Although the federal war on patients is not raging quite like it once was, many of those who were prosecuted several years ago are still serving lengthen mandatory minimum sentences. There are still at least two dozen men and women serving time for attempting to facilitate safe access to patients under state law. Unfortunately, many of them will not be eligible for the planned release of non-violent federal marijuana offenders because there may have been a firearm at the cultivation site or dispensary, despite the fact that the firearm was not used in any sort of violent way. Federal prosecutors tried to incarcerate Chris Williams for over 80 years due to incidental presence of firearms until public outcry resulted in less harsh sentence. Unless an act of actual hostility was perpetrated, President Obama should order the release of all state-legal medical marijuana POWs in federal prison.

In the meantime, you can send these POWs a message of support or help them in other ways.

4. Hasten the DOJ/FDA Response to the Governors' 2011 Rescheduling Petitions

In 2011, governors from four states issued two separate rescheduling petitions (one from RI, WA, and VT, the other from CO) seeking to take marijuana out of Schedule I of the Controlled Substances Act. Nearly four years later, there still hasn't been much of a response from DEA and FDA, although that may have changed a bit at the end of June when it was announced that the FDA was moving forward with evaluating an unnamed rescheduling effort. While neither the President nor the AG can reschedule marijuana with the simply stroke of the pen, Obama should strongly encourage both DEA and FDA to speed up the process and issue a decision. Patients do not have time for another decade-long appeals dispute on rescheduling petitions.

5. Instruct the Veterans Administration to Lift the MMJ Gag Order on V.A. Physicians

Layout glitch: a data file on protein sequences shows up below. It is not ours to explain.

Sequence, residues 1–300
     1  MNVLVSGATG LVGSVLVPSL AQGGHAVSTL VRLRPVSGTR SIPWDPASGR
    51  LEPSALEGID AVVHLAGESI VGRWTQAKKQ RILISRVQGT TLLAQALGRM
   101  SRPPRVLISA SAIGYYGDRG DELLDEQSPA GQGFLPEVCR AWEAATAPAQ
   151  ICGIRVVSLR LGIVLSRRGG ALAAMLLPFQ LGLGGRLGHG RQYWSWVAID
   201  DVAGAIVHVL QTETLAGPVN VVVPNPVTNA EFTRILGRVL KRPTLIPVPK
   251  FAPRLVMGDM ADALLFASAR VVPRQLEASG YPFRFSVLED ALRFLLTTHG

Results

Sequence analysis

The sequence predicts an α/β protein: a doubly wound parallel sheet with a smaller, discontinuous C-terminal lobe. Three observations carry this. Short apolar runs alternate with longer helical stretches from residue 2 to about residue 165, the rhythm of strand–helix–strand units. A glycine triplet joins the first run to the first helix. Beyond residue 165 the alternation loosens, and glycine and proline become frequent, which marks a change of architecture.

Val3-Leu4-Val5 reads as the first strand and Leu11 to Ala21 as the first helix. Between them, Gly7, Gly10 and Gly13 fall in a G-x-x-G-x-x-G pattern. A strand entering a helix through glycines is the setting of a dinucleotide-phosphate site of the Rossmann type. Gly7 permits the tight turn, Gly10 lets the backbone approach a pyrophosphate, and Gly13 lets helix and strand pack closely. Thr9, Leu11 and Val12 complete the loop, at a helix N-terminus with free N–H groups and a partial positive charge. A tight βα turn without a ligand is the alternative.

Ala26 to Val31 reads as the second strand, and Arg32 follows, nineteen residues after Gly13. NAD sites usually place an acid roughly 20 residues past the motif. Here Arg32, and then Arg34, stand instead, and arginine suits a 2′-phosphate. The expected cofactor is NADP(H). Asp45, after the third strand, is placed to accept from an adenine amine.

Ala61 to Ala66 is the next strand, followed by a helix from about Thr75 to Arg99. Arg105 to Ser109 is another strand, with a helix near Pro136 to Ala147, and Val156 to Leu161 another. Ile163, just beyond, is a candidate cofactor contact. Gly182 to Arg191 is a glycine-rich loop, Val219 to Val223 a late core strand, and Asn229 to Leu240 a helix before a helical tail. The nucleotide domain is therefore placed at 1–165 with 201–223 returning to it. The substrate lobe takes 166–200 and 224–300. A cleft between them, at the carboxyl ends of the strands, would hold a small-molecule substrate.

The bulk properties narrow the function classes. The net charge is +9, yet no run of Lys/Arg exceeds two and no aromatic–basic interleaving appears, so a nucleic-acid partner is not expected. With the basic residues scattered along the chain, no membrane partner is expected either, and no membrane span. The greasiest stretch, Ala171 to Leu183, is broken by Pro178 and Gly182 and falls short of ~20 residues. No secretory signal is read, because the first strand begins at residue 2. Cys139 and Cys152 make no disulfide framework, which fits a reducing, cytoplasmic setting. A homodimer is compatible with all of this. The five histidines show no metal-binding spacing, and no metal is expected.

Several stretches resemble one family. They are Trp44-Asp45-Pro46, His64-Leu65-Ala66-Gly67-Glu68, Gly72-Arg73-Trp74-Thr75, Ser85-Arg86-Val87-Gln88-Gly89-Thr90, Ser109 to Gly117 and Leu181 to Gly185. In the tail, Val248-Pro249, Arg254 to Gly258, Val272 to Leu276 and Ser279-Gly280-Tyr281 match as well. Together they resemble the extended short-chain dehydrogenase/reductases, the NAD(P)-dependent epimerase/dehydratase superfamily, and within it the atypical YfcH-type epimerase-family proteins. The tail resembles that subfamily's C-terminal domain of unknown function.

Under the current federal rules, V.A. physicians are prohibited from discussing the benefits of medical marijuana with their patients, and are also prevented from writing recommendations for state medical marijuana programs. The amounts to a "gag order" that prevents our veterans with PTSD, chronic pain, phantom limb syndrome, and other issues that affect veterans a greater rates than the rest of the population from having the same access to these programs that everyone else in a given medical marijuana state has. Efforts to lift the gag order were nearly successful in Congress this year, and the current VHA Directive expires at the end of the year. The President should instruct the VHA to issue a new Directive that is consistent with the Veterans Equal Access Act that was introduced by Rep. Earl Blumeanuer and later made a part of the CARERS Act.

6. Allow Waivers for CBD Access

Senator Kirsten Gillibrand, an original cosponsor of the CARERS Act, has called for DOJ to allow her state of New York to import low-THC medical marijuana products from places like Colorado so that patients would have immediate access to high-CBD extracts to treat conditions such as seizure disorders. Providing instant access is a commonsense policy that should apply to any state that allows access to high-CBD extracts. To make it even better and help substantially more patients, it should apply to all forms of medical marijuana.

7.  Improve Guidance to Banks Dealing with Marijuana Businesses

Last year the Treasury issued joint-guidance with DOJ to banks regarding how they can do business with state-legal marijuana businesses. This came about because existing laws and policy make it difficult-to-impossible for banks to do any business with those who produce and sell marijuana under state medical marijuana laws. As a result, nearly all medical marijuana businesses operate in a cash-only environment, which causes difficulty for regulators and creates danger for patients and those in the industry. Unfortunately, last year's memo did not provide most banks with enough confidence to take only medical marijuana clients. President Obama should instruct the Treasury and DOJ to revise the current guidance memo in a way that makes banks confident enough to provide robust banking services to state-legal clients.

8. Instruct the IRS to Issue a Tax Code Comment on 280e

In addition to being denied access to banking services, state-legal medical marijuana providers are not allowed to make standard business deductions like any other legal business can do for federal tax purposes. This creates an enormous tax liability issue for businesses that do their best to play by the rules. President Obama should direct the IRS to write a new regulation in 26 CFR Part 1 providing guidance on Section 280e of the IRS Tax Code that would make it make it clear that business who produce or provide patients medicine under state law can make theses deductions.